Wholesale Inventories

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Asia Superbubble Unstoppable: Hong Kong Up 10% In Past Week; Soaring Dollar Pushes Euro Back Under 1.06





Overnight market news was once again driven by the Asian superbubble, where as expected, the Hang Seng (+1.22%) soared once more and is now up 9.5% for the week, following news the Hong Kong Exchanges and Clearing Ltd (HKEx) expects it will "substantially increase" quotas for the stock connect program between Hong Kong and Shanghai, HKEx Chief Executive Charles Li said on Friday. The exchange could boost the current quotas, which cap how much mainland investors can buy Hong Kong stocks and vice versa under the trading link, by more than 20 or 30 percent, Li said at a media briefing in Hong Kong. Li did not give a precise date for when the quotas would be raised, but one thing is clear: everyone in China, and Hong Kong, must be all in stocks if the Chinese housing bubble can not be reflated. The Shanghai Comp closed higher by almost 2.0% following better than expected Chinese inflation data, while HK stocks continued their recent rally to closer higher by 9.5% for the week.

 
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Recession 2.0: Abysmal Wholesale Sales Join Factory Orders In Confirming US Economic Contraction





Despite another data series revision by the Department of Commerce, there was no way to put lipstick on the pig of America's wholesale trade data, and as reported moments ago, the all important merchant sales for February dropped for 3rd month in a row in February, the longest stretch since the last recession.  What's worse however, is that the annual pace of decline has now stretched over both January and February, confirming that 2015 is now officially a year of contraction for the US economy. As a reminder, every time this series suffers an annual decline, there is a recession.

 
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US Dollar Surge Returns, Pushes Equity Futures Lower





As noted several hours ago, the main story overnight is not that Greece once again narrowly averted a Grexit when it was reported it would make its scheduled payment to the IMF today (adding that next month is a "different story") a development that was met with yet another ultimatum by its "partner", the Eurozone, but the dot com bubble deja vu-esque move in Hong Kong stocks, where the Chinese, seemingly tired of pushing up their local market into the stratosphere have turned their attention southward and are desperate to buy up every single Hong Kong stock.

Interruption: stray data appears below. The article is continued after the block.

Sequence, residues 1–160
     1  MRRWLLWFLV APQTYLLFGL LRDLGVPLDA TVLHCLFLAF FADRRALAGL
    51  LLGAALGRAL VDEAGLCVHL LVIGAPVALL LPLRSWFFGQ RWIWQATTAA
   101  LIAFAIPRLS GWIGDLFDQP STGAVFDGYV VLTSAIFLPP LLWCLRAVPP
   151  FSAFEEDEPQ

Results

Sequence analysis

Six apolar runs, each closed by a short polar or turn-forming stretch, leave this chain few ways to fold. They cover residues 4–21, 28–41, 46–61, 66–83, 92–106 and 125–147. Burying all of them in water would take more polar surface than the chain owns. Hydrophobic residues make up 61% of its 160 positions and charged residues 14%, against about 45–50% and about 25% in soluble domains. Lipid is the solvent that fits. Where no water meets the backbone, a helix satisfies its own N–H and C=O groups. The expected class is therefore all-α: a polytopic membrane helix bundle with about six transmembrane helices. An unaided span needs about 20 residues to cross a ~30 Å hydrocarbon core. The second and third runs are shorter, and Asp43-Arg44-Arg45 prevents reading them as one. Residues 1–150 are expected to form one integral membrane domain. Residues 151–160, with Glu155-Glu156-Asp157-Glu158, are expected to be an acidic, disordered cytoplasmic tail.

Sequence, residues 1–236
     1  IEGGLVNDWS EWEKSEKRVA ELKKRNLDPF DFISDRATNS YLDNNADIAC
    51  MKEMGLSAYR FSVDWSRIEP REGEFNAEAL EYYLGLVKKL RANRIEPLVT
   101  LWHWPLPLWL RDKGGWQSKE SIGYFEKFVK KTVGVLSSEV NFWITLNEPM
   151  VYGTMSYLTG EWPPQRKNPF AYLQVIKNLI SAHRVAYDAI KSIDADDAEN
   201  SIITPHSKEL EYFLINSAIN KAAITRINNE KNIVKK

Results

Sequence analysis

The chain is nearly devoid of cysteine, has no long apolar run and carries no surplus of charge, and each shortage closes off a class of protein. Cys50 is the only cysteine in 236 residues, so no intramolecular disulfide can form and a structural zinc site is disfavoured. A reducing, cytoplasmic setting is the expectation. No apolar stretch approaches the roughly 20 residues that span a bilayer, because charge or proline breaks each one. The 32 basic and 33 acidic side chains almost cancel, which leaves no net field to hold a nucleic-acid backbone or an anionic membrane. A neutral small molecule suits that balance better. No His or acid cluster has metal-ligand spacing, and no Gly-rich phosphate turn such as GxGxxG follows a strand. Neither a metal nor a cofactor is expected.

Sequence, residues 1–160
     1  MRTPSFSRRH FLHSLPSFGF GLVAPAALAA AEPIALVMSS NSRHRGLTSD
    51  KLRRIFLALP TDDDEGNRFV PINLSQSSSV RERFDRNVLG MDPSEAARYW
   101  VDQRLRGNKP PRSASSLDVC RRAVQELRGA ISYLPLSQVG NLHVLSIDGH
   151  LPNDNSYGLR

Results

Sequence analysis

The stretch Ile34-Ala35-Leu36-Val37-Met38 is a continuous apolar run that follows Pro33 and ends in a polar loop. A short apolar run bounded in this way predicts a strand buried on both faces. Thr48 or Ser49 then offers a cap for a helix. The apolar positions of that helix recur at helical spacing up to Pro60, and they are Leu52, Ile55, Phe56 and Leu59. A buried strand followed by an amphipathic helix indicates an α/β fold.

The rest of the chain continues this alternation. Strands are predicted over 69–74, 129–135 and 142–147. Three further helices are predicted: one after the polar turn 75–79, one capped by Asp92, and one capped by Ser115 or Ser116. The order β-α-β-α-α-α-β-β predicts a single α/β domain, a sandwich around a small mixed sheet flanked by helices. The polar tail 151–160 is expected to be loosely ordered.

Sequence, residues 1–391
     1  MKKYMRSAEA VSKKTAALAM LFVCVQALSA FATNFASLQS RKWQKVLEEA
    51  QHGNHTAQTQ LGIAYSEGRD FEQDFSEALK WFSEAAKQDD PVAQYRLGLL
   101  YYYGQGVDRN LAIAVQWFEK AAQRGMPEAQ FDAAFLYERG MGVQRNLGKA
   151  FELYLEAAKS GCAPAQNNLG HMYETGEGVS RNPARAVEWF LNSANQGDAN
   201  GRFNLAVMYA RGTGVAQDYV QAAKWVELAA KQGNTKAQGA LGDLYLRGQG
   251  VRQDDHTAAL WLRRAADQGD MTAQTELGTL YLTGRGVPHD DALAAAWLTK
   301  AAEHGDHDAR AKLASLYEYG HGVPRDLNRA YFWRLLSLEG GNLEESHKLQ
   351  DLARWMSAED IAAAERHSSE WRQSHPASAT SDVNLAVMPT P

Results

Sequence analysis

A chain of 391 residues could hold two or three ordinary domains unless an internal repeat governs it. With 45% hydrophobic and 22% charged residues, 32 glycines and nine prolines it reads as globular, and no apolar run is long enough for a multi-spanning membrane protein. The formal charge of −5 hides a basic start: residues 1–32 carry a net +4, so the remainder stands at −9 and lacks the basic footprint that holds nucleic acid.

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Back From Holiday, European Stocks Celebrate Atrocious US Jobs Data, Jump Over 1%





Yesterday it was only the US that got the full benefit of the market-wide stop hunt that sent the US market soaring on its biggest opening ramp in 2015 following the worst payroll data since 2013, because Europe was closed for Easter Monday. Which means today it was Europe's turn to celebrate atrocious US data (yes, yes, snow - because somehow tremendous January and February jobs data was not impacted by snow), and in the first European trading session of the week, equities have started off on the front-foot.

 
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The Great Immoderation: How The Fed Has Sown The Seeds Of The Next Recession





There was a point in 2010 when American capitalism might have had an opportunity to heal itself and commence on a long march toward sustainable growth and real wealth gains. But the monetary politburo would have none of it - keeping the pedal to the metal until this very moment... and the rest is history. The Fed and the other central banks around the world have fomented a new and even more virulent and dangerous financial bubble.

 
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Business Inventory-To-Sales Ratio Surges To Worst Since Lehman





And to complete this morning's trifecta of disappointment, Business Inventories miss (for the 8th of the last 9 months) and show no change MoM - the weakest since May 2013. Building Materials, Furniture, and Autos saw inventories fall as Department Store inventories rose. Coupled with sales weakness (retail sales -0.9%), this is the highest inventory-to-sales ratio since Lehman... just as with Wholesale inventories...

 
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Euro In Freefall, Dollar Surge Accelerates; Futures Rebound On USDJPY Rise; Greece On The Ropes





While the dollar strength this morning, which has pushed it to a fresh 13 year high and has accelerated the EURUSD plunge to under 1.06 - a drop of over 300 pips since the start of the week - has been a recap of yesterday's trading action, the main difference is that unlike yesterday, the USDJPY has managed to find a strong bid in the overnight session, pushing not only the Nikkei up by 0.4%, but also lifting US equity futures as the entire global marketplace is now merely a sandbox in which the central banks try to crush their currencies as fast as possible.